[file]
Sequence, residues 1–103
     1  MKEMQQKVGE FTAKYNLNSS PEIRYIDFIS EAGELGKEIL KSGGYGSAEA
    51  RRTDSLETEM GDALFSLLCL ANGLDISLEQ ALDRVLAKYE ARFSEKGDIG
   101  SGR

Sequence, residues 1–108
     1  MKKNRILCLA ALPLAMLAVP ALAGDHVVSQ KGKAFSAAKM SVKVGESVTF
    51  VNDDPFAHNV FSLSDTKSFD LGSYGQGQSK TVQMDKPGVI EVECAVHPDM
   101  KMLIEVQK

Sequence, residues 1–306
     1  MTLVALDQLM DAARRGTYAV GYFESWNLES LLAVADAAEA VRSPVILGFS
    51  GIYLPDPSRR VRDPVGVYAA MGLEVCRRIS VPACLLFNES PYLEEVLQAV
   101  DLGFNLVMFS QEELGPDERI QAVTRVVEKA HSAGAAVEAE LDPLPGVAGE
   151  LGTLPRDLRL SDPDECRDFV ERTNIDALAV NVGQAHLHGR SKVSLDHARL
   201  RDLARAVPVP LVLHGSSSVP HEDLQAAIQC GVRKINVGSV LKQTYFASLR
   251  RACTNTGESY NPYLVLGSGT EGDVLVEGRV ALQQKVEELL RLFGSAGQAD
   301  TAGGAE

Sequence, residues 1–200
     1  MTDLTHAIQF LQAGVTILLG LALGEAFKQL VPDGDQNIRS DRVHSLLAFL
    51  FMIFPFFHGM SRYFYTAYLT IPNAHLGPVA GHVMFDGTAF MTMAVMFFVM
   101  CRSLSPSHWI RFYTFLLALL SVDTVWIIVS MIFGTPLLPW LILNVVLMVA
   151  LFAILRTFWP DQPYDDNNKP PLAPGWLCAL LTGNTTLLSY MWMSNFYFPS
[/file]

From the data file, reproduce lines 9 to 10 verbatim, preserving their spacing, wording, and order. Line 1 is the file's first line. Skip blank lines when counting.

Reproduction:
Sequence, residues 1–306
     1  MTLVALDQLM DAARRGTYAV GYFESWNLES LLAVADAAEA VRSPVILGFS